The Narrative of Arthur Gordon Pym of Nantucket Comprising the details of a mutiny and atrocious butchery on board the American brig Grampus, on her way to the South Seas, in the month of June, 1827.

By Edgar Allan Poe

Page 35

connected in some
manner with the Indian trading-posts on Lewis river. Peters himself was
one of the most purely ferocious-looking men I ever beheld. He was
short in stature--not more than four feet eight inches high--but his
limbs were of the most Herculean mould. His hands, especially, were so
enormously thick and broad as hardly to retain a human shape. His arms,
as well as legs, were _bowed_ in the most singular manner, and appeared
to possess no flexibility whatever. His head was equally deformed,
being of immense size, with an indentation on the crown (like that on
the head of most negroes), and entirely bald. To conceal this latter
deficiency, which did not proceed from old age, he usually wore a wig
formed of any hair-like material which presented itself--occasionally
the skin of a Spanish dog or American grizzly bear. At the time spoken
of he had on a portion of one of these bearskins; and it added no
little to the natural ferocity of his countenance, which betook of the
Upsaroka character. The mouth extended nearly from ear to ear; the lips
were thin, and seemed, like some other portions of his frame, to be
devoid of natural pliancy, so that the ruling expression never varied
under the influence of any emotion whatever. This ruling expression may
be conceived when it is considered that the teeth were exceedingly long
and protruding, and never even partially covered, in any instance, by
the lips. To pass this man with a casual glance, one might imagine him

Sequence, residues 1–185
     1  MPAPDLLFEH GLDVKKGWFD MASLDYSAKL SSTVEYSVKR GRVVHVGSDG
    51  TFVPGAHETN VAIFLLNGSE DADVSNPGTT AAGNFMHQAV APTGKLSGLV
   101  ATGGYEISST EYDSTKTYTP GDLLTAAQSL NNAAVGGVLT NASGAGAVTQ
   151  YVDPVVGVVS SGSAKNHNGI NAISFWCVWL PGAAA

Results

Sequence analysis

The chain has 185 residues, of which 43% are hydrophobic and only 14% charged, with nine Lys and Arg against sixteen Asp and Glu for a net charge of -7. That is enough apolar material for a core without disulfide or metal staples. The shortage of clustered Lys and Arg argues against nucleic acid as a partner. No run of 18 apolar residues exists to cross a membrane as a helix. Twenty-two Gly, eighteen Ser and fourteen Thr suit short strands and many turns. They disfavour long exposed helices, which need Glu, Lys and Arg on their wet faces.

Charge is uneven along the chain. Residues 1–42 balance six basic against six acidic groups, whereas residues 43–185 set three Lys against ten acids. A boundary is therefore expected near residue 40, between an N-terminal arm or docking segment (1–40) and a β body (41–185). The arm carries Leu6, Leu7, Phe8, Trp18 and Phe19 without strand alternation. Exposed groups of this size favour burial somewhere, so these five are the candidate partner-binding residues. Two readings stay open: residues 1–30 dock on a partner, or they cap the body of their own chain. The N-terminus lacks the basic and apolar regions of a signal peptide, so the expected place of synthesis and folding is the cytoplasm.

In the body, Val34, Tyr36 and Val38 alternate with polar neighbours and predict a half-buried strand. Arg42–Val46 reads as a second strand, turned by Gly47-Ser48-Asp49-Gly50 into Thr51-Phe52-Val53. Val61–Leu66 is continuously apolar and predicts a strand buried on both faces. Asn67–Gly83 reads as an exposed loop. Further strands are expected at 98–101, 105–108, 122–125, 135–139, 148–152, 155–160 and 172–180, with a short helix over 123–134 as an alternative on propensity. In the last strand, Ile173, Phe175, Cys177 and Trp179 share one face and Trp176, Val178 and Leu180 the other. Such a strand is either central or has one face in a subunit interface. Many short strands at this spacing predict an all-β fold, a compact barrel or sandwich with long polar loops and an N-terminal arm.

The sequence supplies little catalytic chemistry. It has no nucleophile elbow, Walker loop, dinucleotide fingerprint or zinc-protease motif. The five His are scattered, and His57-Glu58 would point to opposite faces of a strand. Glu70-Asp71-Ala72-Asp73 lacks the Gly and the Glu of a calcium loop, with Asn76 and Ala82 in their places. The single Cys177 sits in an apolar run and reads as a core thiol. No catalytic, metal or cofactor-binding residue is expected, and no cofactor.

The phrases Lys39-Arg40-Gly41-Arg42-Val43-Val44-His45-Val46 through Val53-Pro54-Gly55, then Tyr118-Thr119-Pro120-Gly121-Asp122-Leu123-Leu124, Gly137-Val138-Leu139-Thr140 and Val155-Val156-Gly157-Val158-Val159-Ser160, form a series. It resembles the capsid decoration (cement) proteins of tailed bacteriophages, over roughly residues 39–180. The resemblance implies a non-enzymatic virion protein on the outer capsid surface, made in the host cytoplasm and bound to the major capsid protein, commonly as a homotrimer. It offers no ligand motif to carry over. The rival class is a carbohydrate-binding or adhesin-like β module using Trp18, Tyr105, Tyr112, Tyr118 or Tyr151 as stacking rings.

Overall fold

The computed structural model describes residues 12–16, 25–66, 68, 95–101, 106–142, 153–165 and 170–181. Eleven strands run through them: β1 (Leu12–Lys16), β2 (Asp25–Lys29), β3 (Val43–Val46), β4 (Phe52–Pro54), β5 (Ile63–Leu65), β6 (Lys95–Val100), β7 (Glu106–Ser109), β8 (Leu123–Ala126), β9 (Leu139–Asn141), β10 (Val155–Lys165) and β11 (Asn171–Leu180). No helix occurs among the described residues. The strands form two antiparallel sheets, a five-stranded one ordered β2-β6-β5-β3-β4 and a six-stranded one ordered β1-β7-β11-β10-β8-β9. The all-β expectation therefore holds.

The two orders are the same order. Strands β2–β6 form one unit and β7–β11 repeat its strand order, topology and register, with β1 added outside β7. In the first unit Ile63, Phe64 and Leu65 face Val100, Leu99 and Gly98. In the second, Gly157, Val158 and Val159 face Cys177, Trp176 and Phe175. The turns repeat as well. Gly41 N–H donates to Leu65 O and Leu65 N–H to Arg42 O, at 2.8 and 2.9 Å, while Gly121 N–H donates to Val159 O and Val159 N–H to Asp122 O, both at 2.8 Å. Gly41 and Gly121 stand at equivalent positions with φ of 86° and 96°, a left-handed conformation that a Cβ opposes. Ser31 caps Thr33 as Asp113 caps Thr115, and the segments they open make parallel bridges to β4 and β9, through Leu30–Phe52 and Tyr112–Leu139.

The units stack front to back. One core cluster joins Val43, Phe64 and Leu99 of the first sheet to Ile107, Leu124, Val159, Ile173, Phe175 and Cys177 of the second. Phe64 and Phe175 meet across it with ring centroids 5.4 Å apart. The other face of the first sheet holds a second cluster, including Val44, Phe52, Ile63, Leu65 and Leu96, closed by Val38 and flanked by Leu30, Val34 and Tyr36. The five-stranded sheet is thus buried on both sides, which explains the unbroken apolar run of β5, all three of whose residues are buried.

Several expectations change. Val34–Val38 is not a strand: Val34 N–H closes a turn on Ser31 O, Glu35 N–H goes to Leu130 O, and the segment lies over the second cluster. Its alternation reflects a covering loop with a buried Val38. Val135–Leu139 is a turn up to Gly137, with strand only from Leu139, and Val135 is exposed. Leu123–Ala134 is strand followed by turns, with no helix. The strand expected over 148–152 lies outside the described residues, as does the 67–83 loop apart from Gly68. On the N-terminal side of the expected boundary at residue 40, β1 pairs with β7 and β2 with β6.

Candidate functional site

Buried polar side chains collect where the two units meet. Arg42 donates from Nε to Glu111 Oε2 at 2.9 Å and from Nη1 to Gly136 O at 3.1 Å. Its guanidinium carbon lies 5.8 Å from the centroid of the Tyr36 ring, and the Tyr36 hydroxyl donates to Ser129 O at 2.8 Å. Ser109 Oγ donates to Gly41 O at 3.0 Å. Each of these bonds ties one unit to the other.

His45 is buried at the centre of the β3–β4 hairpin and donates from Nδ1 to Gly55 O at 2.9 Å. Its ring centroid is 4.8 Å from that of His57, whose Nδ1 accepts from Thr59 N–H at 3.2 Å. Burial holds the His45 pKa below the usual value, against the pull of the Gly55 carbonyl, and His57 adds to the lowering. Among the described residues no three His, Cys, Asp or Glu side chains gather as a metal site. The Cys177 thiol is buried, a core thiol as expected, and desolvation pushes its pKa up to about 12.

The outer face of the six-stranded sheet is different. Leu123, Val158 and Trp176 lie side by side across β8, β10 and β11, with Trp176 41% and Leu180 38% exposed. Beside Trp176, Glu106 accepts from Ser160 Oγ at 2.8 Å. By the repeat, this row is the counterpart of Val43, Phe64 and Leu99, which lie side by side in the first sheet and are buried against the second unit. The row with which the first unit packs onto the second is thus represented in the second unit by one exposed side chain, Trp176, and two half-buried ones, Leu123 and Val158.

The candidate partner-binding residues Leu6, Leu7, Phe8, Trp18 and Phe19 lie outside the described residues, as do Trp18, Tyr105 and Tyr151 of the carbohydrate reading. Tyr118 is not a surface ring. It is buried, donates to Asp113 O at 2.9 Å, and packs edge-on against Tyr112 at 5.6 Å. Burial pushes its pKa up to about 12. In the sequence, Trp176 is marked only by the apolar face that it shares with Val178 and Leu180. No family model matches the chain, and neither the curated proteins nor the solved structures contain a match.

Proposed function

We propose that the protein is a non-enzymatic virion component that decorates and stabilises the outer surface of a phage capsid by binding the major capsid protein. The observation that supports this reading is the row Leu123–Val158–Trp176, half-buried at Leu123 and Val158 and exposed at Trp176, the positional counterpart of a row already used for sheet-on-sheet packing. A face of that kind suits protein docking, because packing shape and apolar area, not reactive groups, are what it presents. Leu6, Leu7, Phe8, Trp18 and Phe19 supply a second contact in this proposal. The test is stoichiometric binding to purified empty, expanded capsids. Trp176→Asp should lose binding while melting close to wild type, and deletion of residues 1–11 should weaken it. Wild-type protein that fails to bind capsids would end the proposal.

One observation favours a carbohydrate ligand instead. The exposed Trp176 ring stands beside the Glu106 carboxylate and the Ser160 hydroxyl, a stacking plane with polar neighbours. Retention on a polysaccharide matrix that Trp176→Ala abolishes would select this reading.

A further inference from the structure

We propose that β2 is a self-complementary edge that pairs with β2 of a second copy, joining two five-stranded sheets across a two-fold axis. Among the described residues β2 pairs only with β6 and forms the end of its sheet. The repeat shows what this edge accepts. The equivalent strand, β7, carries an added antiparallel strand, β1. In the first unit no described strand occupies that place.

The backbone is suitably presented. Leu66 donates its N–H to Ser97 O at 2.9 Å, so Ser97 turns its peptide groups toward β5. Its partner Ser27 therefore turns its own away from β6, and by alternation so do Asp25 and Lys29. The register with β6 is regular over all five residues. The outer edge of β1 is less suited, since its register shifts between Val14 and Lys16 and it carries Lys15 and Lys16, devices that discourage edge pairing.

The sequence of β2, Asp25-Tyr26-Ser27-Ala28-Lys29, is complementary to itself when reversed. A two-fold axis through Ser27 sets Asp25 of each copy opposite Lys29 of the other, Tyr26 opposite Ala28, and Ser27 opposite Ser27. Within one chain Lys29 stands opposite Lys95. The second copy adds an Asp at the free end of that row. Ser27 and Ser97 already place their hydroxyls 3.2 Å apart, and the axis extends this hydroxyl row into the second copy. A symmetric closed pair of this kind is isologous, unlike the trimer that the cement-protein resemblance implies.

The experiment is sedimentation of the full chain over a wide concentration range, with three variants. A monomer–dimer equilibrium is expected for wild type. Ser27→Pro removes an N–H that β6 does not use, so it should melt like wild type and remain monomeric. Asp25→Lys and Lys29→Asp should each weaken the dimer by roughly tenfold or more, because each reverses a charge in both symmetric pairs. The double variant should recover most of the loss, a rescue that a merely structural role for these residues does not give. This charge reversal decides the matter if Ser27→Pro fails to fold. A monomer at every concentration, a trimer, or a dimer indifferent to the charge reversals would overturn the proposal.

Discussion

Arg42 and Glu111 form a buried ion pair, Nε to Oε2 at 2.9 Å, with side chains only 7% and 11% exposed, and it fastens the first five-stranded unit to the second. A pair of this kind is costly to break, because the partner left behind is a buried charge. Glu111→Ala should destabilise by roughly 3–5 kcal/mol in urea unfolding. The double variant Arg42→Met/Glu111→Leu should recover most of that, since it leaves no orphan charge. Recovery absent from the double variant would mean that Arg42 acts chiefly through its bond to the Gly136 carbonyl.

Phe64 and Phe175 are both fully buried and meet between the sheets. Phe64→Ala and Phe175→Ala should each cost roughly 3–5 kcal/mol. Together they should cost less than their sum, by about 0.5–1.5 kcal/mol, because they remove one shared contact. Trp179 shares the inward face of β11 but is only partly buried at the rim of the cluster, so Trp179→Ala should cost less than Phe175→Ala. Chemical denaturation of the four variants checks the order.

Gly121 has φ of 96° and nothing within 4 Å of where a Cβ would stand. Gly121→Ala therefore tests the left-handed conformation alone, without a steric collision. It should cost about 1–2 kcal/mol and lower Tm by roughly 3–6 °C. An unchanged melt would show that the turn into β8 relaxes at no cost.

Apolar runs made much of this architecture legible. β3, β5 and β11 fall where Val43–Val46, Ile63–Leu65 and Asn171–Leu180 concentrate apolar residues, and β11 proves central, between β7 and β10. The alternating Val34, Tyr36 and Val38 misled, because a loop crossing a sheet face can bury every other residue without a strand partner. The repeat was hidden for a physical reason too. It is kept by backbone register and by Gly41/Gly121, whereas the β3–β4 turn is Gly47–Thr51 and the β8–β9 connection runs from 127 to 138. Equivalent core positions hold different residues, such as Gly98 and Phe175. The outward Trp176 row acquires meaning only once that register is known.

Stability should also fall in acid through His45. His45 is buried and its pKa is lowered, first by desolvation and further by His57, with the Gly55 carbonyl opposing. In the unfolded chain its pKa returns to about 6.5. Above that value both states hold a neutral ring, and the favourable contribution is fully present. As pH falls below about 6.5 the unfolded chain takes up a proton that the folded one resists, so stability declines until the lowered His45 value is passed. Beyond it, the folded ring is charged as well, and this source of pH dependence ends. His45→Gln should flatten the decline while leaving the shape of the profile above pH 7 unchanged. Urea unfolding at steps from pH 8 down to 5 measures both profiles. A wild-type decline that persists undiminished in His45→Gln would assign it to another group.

to be convulsed with laughter--but a second look would induce a
shuddering acknowledgment, that if such an expression were indicative
of merriment, the merriment must be that of a demon. Of this singular
being many anecdotes were prevalent among the seafaring men of
Nantucket. These anecdotes went to prove his prodigious strength when
under excitement, and some of them had given rise to a doubt of his
sanity. But on board the Grampus, it seems, he was regarded at the time
of the mutiny with feelings more of derision than of anything else. I
have been thus particular in speaking of Dirk Peters, because,
ferocious as he appeared, he proved the main instrument in preserving
the life of Augustus, and because I shall have frequent occasion to
mention him hereafter in the course of my narrative--a narrative, let
me here say, which, in its latter portions, will be found to include
incidents of a nature so entirely out of the range of human experience,
and for this reason so far beyond the limits of human credulity, that I
proceed in utter

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